The Toronto Transit Commission marked a significant milestone on Wednesday as officials commemorated the service’s 100th anniversary.
It was on Sept. 1, 1921, when the publicly-owned Toronto Transportation Commission began operations. The corporation was created by merging a mix of private and public companies: the Toronto Railway Company, the Toronto Civic Railway and parts of the municipality-owned Toronto and York Radial Railway, a move that also brought together nine different fare systems.
During a celebration event on Wednesday, TTC chair and councillor Jaye Robinson said in 1921, adult fares at the time of operation were seven cents and tickets were four for 25 cents. Since the service launched 100 years ago, she said it’s estimated more than 32 billion passengers have been transported.
“Toronto has grown substantially over the last century from a population of 522,000 to a city of almost three million people, and the TTC has evolved and adapted along the way,” Robinson said.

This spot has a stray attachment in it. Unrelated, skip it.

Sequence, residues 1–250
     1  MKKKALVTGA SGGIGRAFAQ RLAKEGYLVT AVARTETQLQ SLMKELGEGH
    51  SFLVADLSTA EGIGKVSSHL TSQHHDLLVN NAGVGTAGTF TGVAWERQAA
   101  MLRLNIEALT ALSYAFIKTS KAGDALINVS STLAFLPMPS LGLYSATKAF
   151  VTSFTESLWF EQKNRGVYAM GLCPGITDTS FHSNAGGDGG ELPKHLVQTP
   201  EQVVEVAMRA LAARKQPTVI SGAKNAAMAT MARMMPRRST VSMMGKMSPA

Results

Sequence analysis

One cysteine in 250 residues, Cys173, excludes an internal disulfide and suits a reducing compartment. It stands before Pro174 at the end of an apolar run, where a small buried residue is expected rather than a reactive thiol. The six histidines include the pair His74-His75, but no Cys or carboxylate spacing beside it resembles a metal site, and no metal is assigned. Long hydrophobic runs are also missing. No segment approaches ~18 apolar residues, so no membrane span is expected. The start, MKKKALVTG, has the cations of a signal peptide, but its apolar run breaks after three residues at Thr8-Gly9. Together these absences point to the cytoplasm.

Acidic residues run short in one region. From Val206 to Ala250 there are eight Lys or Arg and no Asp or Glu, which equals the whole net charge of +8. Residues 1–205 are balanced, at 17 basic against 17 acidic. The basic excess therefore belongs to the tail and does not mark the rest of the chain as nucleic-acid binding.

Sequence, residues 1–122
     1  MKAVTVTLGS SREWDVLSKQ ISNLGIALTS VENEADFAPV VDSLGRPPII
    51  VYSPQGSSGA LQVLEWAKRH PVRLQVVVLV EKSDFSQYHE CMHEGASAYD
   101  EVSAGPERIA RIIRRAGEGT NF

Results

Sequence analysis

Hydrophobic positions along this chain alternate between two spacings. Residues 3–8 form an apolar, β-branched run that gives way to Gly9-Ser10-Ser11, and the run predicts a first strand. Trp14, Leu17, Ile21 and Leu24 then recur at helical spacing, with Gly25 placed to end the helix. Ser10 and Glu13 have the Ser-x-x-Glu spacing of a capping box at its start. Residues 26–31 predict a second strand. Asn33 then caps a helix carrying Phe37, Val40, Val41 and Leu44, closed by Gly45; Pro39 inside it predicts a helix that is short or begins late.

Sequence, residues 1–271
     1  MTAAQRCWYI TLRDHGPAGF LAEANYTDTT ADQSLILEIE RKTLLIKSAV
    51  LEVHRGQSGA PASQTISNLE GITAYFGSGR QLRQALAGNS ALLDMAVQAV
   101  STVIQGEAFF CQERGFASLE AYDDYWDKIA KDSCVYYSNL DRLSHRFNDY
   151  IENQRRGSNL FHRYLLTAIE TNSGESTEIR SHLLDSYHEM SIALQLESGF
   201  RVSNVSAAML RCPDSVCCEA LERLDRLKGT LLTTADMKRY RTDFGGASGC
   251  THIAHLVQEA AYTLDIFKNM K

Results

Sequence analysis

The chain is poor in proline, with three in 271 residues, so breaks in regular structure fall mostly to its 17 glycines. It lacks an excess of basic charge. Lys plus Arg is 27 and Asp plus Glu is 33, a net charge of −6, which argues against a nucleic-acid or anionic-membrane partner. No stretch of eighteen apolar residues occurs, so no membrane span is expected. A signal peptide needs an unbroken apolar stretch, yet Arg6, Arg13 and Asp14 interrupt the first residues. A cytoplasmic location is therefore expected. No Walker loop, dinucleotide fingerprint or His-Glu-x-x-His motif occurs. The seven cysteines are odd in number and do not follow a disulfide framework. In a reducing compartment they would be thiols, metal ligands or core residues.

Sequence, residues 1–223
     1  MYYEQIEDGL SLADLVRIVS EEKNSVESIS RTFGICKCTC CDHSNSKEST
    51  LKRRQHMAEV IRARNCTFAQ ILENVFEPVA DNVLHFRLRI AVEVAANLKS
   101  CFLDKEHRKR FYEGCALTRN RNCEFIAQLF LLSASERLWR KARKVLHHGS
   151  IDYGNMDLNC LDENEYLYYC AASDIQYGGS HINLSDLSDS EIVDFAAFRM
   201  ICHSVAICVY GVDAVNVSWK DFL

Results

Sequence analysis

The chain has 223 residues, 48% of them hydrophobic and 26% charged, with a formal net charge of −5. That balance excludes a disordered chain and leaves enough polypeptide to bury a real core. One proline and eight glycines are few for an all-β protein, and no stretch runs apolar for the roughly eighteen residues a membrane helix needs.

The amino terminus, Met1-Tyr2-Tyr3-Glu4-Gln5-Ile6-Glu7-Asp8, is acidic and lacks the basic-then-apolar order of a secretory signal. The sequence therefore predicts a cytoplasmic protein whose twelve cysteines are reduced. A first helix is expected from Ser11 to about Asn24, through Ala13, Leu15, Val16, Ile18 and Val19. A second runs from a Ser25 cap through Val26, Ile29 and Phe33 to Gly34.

Mayor John Tory called the TTC an integral asset for the city, noting how it operated through significant events such as the COVID-19 pandemic to help essential workers move around.
“The operators and people who did the maintenance and all the rest, they kept the whole system running during that period of time. The TTC never wavered and proved themselves to be a reliable partner for the City of Toronto,” he said.
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As part of the transit agency’s commemoration of the occasion, banners were installed in front of Union Station and on parts of Yonge Street and Queen’s Park.
Twelve subway stations will also have photo exhibits and the City of Toronto’s archives website will have a virtual photography exhibit.
The CN Tower was lit red on Wednesday to mark the TTC’s anniversary.
For those who want to get up close to transit vehicles from decades ago, they can visit the Halton County Radial Railway museum where many of the vehicles are on display and are occasionally used for passenger rides.